Confronted by the serious illness of Soviet Premier Alexei Kosygin and deepening problems with the national economic plan lie oversees, the Kremlin leaderhip tonight named an aging but apparently vigorous longtime associate of President Leonid Brezhnev's to the ruling Politburo to bolster the government's executive strength.
The elevation of Nikolai Tikhonov, 74, came as Brezhnev announced that the Soviet grain harvest this year totaled just 179 million tons, or 48 million tons below the target. This year's figure is 58 million tons short of last year's crop.
Responding to what is one of the worst Soviet grain harvests since World War II, the Central Committee named Mikhail Gorbachov, 48, an alternate member of the Politburo to take charge of agriculture.
The promotion of Tikhonov, a metallurgical engineer who has specialized in economic planning for 22 years, raises to 14 the number of full Politburo members and brings the ruling body's average age close to 70.
Tikhonov has been a deputy to the 75-year-old Kosygin since 1976 and an alternate Politburo member since last year. His selection raises the eventual possibility that he may succeed the ailing premier, and effectively consolidate Brezhnev's sway over the complex Soviet economic mechanism, which has faltered below most projected outputs all through the 1970s.
Meanwhile, a senior Soviet source confirmed reports that Kosygin is seriously ill and will not attend Wednesday's public session of the Supreme Soviet, the figurehead parliament, at which the 1979 economic figures will be announced and the 1980 plan described.
The source indicated that Kosygin has suffered a heart attack and although recovering, will be incapacitated for considerable time. Other official sources reported that Brehnev, in an address delivered before a closed-door plenum of the Central Committee, sharply criticized the country's economic performance and called for stern measures to improve productivity.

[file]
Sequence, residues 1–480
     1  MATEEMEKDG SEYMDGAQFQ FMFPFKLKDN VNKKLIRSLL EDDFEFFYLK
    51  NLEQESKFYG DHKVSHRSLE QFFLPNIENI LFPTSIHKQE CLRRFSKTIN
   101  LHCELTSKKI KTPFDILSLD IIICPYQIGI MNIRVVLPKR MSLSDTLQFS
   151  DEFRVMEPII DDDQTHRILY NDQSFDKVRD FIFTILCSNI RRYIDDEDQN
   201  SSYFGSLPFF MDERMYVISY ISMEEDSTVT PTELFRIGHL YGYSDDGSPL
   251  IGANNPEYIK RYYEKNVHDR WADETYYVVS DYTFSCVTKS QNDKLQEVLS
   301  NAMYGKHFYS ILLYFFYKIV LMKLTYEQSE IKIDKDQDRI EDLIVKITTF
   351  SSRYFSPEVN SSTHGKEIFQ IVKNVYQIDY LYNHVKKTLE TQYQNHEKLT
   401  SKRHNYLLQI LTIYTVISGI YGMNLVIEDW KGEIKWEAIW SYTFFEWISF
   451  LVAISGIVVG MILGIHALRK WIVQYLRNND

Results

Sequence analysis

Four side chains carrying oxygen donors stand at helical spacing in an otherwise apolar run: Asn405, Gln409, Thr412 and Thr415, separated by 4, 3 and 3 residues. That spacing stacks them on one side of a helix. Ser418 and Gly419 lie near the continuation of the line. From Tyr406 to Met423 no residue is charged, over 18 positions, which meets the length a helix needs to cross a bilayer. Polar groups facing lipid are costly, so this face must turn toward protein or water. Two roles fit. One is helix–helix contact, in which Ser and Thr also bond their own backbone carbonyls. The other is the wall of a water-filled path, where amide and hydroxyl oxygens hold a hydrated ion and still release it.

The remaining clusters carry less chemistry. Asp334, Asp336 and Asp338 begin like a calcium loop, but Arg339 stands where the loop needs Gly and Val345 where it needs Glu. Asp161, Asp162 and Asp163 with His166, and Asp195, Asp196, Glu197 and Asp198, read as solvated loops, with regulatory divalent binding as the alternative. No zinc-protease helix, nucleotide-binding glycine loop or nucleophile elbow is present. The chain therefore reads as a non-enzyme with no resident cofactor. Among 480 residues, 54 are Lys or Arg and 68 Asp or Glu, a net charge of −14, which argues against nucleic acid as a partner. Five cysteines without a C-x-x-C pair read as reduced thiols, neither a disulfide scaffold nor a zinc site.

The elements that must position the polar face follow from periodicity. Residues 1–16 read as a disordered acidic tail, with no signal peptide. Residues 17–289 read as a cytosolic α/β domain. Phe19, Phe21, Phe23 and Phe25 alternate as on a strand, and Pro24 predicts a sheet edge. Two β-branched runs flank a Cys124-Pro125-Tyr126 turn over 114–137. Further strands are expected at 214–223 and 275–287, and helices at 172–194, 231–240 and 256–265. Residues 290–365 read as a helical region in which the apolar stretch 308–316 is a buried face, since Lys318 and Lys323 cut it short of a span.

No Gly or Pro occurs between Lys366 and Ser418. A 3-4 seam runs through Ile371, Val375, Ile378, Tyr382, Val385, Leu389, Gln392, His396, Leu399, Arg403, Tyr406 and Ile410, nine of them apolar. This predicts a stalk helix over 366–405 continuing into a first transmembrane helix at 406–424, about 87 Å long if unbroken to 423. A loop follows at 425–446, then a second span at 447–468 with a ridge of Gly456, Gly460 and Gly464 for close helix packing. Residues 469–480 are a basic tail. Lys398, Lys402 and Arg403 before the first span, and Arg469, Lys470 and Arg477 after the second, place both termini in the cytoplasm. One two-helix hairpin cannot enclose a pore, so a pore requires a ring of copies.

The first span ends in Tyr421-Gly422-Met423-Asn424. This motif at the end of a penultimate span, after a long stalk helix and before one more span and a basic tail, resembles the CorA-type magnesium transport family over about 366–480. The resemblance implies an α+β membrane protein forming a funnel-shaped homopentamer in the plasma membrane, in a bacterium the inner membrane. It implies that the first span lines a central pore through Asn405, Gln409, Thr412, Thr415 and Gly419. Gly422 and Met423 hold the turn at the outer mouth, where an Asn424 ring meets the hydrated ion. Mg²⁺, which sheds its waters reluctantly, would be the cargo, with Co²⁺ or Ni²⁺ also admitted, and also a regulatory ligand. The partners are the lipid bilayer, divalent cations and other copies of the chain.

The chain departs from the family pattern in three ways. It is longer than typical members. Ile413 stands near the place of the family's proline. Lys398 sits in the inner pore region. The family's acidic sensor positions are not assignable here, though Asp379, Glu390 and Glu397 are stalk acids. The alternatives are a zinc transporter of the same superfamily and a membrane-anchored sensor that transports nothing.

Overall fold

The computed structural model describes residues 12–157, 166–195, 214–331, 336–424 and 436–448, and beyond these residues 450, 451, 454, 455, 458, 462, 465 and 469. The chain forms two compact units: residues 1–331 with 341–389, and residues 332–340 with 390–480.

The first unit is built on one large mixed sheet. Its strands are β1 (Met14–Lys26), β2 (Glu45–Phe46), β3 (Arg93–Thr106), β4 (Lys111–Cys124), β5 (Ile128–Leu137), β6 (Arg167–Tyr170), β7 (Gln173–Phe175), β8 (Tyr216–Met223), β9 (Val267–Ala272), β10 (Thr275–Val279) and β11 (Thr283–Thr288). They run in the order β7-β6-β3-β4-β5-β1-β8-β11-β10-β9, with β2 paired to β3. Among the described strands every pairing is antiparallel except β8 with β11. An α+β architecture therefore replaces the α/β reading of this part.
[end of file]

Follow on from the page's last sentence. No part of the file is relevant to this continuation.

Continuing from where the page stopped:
It was not known precisely what the party would do to improve lagging sectors of the cumebersome economy, but one well-informed source said the plenum approved "serious" and "thorough" measures.
One step was the naming of Gorbachov, an agricultural specialist, to take full charge of problem-plagued agriculture.
At enormous cost in precious hard currency, the Soviets have had to arrange to import up to 25 million tons of grain from the United States to make up for this year's shortfall.
Gorbachov fills a vacancy at the top of the agricultural sector that has existed since the death in 1978 of Fyodor Kulakov, 60, a Politburo member who held the agriculture portfolio.
Tikhonov's promotion to the Politburo reestablishes a general tradition that the premier's principal deputy should also be a voting member of the ruling body. The post had been vacant since last November, when Kirill Mazurov, at that time Kosygin's chief assistant, was dropped from the Politburo, ostensibly for health reasons.
Mazurov, 64, had been seen by some Western Kremlinologists as differing with the general view of the Brezhnev circle opposing fundamental reform of the economy that could lead to reduced party control.
Kosygin is seen by analysts as having struggled for such reform in the 1960s and lost to Brezhnev, whose conservative leadership has always taken great care to preserve and strengthen the party over all other sectors in the Kremlin. Tikhonov got his start with Brezhnev in the Dnepropetrovsk region of the Ukraine in the 1930s and has moved steadily upward with his mentor.
The Soviet economy had expanded throughout the 1970s, but at decreasing rates each year. This year, official figures show that production in such key areas as steel, fertilizer, synthetic fibres, cement, and major durables such as autos, refrigerators, and washing machines are lagging below even 1978 productin levels. Energy production is above 1978, but the Soviets have had trouble meeting their 1979 production goals in oil.
In general, the persistent failure to hit annual targets has made it virtually impossible for the nation to achieve the overall goals of the five-year plan by the time it expires at the end of 1980.
The news agency Tass, in reporting Brezhnev's speech complained about low worker productivity and pointed to unsatisfactory shortages of food, machinery, adequate transport. Brezhnev said 1980 must be a year of "shock work" in order to achieve the five-year-plan goals and that energy conservation must be a big factor in Soviet economic future.